National Monument Association

Removing Highly Invasive Salt Cedar Around Isabella Lake

March 19th, 2015 by Eric Mart

Kernville, Calif., March 19, 2015—For immediate release.  The Kern River Ranger District, Sequoia National Forest is proposing the control of tamarisk, more commonly known as salt cedar, at Isabella Lake.  Treatment of invasive tamarisk would use a combination of herbicides, hand-grubbing, and mechanical removal of plants. This variety of tamarisk, Tamarix ramosissima, is a highly invasive non-native species that is harmful to native ecosystems. 

Tamarisk has the potential to outcompete and replace native plant species, salinize soils, monopolize limited sources of moisture, and increase the frequency, intensity and effect of fires and floods.  These effects can degrade wildlife habitat, establish dense monocultures that affect recreation values and block water flow in natural channels and irrigation ditches. Tamarisk has taken over large sections of riparian ecosystems in the western United States that were once home to native cottonwoods and willows.

The District completed hand treatments to eradicate small, isolated plants of tamarisk, tree of heaven and Russian olive at Isabella Lake in the mid-1990s; but new populations of tamarisk were observed in the winter of 2013 at Isabella Lake, and they have rapidly expanded.  The current tamarisk population on National Forest System lands at Isabella Lake spreads across approximately 1,500 acres, and consists of a thousand or more plants which range from small seedlings to well-established plants (5 to 6 feet tall and over 3 inches in diameter at their base). 

Tamarisk can spread both vegetatively (by roots or submerged stems) and by seeds. Each flower can produce thousands of tiny seeds that are dispersed by wind and water, allowing it to spread rapidly.  It is able to withstand extended periods of inundation and drought, and it has long tap roots that allow it to out-compete other plants for natural water resources. Tamarisk is also able to limit competition from other plants by taking up salt from deep ground water, and depositing it in the surface soil.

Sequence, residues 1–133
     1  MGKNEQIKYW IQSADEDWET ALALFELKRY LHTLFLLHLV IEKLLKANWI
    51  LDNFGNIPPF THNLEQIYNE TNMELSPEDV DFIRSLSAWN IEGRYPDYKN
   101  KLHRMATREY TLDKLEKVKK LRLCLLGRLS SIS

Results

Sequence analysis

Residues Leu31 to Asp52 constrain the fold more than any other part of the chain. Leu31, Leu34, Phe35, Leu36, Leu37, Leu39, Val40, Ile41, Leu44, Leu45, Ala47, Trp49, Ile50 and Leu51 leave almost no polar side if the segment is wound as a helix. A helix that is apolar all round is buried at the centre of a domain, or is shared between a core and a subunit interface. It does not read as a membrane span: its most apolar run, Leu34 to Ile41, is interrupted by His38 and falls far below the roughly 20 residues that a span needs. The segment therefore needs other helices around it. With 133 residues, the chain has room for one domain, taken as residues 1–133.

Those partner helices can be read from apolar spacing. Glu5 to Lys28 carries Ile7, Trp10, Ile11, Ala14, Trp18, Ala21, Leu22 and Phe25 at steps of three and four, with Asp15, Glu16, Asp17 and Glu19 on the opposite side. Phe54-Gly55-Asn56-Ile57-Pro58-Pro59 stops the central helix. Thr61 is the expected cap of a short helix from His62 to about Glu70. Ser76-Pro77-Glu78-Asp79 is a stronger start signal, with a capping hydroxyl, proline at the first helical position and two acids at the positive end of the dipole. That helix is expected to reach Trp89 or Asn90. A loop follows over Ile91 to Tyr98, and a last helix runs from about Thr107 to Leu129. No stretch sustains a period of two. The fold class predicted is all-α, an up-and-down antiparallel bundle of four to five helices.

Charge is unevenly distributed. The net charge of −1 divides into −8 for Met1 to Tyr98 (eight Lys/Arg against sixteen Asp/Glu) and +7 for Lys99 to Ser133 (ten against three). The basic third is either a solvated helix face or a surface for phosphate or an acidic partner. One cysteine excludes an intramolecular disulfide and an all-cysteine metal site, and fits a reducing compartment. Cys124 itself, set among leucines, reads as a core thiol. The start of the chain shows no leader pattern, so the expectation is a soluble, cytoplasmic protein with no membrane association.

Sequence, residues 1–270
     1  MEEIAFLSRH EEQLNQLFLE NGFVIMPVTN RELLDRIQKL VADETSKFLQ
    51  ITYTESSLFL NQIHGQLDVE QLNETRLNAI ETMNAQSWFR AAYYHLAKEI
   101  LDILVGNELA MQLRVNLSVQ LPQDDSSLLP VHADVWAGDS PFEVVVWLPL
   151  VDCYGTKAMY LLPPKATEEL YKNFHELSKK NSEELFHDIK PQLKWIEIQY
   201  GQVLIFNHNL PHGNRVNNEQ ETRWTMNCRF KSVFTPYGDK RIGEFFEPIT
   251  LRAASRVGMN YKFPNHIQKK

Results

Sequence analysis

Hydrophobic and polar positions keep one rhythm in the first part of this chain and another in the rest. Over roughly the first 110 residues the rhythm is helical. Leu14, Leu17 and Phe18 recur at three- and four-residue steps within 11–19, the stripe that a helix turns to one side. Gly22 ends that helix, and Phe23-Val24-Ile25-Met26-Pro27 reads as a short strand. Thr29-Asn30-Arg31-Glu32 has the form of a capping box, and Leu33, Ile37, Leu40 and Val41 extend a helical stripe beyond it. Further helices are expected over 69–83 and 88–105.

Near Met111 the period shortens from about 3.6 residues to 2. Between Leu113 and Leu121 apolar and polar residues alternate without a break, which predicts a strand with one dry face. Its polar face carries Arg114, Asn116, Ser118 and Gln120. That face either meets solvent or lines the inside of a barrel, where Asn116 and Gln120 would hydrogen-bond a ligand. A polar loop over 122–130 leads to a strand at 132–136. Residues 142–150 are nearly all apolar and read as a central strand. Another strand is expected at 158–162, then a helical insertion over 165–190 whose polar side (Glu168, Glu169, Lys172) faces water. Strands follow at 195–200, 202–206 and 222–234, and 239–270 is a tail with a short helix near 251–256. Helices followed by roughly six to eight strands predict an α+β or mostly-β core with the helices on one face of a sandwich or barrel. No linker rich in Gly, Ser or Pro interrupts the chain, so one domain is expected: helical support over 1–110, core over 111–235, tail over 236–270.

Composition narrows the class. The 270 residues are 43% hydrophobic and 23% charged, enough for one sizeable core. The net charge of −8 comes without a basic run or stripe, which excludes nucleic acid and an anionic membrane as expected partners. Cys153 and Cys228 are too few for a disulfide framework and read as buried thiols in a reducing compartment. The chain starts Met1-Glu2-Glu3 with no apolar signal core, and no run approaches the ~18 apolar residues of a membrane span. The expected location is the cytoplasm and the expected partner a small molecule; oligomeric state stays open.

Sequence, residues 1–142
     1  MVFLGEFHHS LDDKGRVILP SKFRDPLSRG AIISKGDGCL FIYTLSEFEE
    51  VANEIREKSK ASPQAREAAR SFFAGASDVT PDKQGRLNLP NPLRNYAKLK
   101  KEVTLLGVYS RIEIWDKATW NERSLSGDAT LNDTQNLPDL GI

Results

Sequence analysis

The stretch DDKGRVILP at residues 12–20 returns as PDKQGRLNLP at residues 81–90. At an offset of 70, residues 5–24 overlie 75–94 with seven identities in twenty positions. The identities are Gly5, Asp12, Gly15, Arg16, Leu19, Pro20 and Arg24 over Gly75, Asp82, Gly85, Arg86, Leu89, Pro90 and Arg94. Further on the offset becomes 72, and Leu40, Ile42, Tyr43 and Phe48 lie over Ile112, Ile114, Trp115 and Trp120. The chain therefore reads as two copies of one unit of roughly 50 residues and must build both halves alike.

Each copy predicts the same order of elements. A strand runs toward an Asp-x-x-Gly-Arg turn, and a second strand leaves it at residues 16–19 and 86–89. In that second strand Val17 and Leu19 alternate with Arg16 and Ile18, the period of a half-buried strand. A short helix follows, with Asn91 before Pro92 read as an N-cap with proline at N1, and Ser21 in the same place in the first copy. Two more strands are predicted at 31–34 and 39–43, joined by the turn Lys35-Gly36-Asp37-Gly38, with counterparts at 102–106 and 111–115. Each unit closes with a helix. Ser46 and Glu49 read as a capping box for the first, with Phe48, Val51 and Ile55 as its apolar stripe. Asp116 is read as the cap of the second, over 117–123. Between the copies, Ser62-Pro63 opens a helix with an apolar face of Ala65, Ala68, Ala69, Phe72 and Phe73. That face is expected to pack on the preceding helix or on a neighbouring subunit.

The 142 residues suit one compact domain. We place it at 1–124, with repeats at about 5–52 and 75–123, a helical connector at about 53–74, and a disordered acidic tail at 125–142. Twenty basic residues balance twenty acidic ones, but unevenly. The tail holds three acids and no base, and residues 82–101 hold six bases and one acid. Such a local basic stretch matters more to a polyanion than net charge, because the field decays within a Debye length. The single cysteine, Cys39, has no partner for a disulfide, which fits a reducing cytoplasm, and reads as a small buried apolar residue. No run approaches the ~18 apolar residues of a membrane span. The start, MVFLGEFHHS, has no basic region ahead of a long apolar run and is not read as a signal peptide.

Hand-grubbing and cutting of above-ground tamarisk stems was accomplished in May and June of 2014 within several hundred acres of the lake bed.  This treatment alone has proven to be an ineffective long-term solution for the control of this invasive species since it readily sprouts from cut roots; and new growth from salt cedars cut last year is already evident in the lake bottom.  Due to the extent of the infestation and the size of the plants, herbicides are the most practical and effective means of control. 

The Desert – Mountain Resource Conservation District, Audubon California, and other partners have been successfully treating and removing invasive plants on private lands in the Kern Valley and Walker Basin areas for several years under the Kern River Valley and Walker Basin Agricultural Lands Improvement grant from the Sierra Nevada Conservancy.  These treatments used the recommended herbicide prescription of Pathfinder and a combination of Hasten Oil, Stalker and Garlon 4. These are non-restricted herbicides that are sprayed on the bark at the base of the plants.

The Forest Service proposes to follow this treatment since it has been shown to be effective while minimizing herbicide use on non-target plants.  Application of the herbicides will be conducted by hand directly on the target plants and not by broadcast or aerial spraying.  Herbicides will not be used in areas where there is open water.  Tamarisk that are in standing water at the time of treatment will be hand-grubbed or pulled to reduce or eliminate seeding until the plant can be treated.

Currently the designated Critical Habitat for Southwest willow flycatcher and proposed Critical Habitat for yellow-billed cuckoo at Isabella Lake are not affected by tamarisk and would not be affected by the proposed treatment.

The District plans to prepare an environmental assessment to document analysis of the effects of this project.  We appreciate any information or substantive comments that are within the scope of the project and the decision to be made.  Please send your written comments to Steve Anderson, Kern River Ranger District, PO Box 9 (105 Whitney Road), Kernville, CA 93238, by e-mail to  with “Isabella Tamarisk Control Project” in the subject line by April 3, 2015. The complete scoping letter can be found online at


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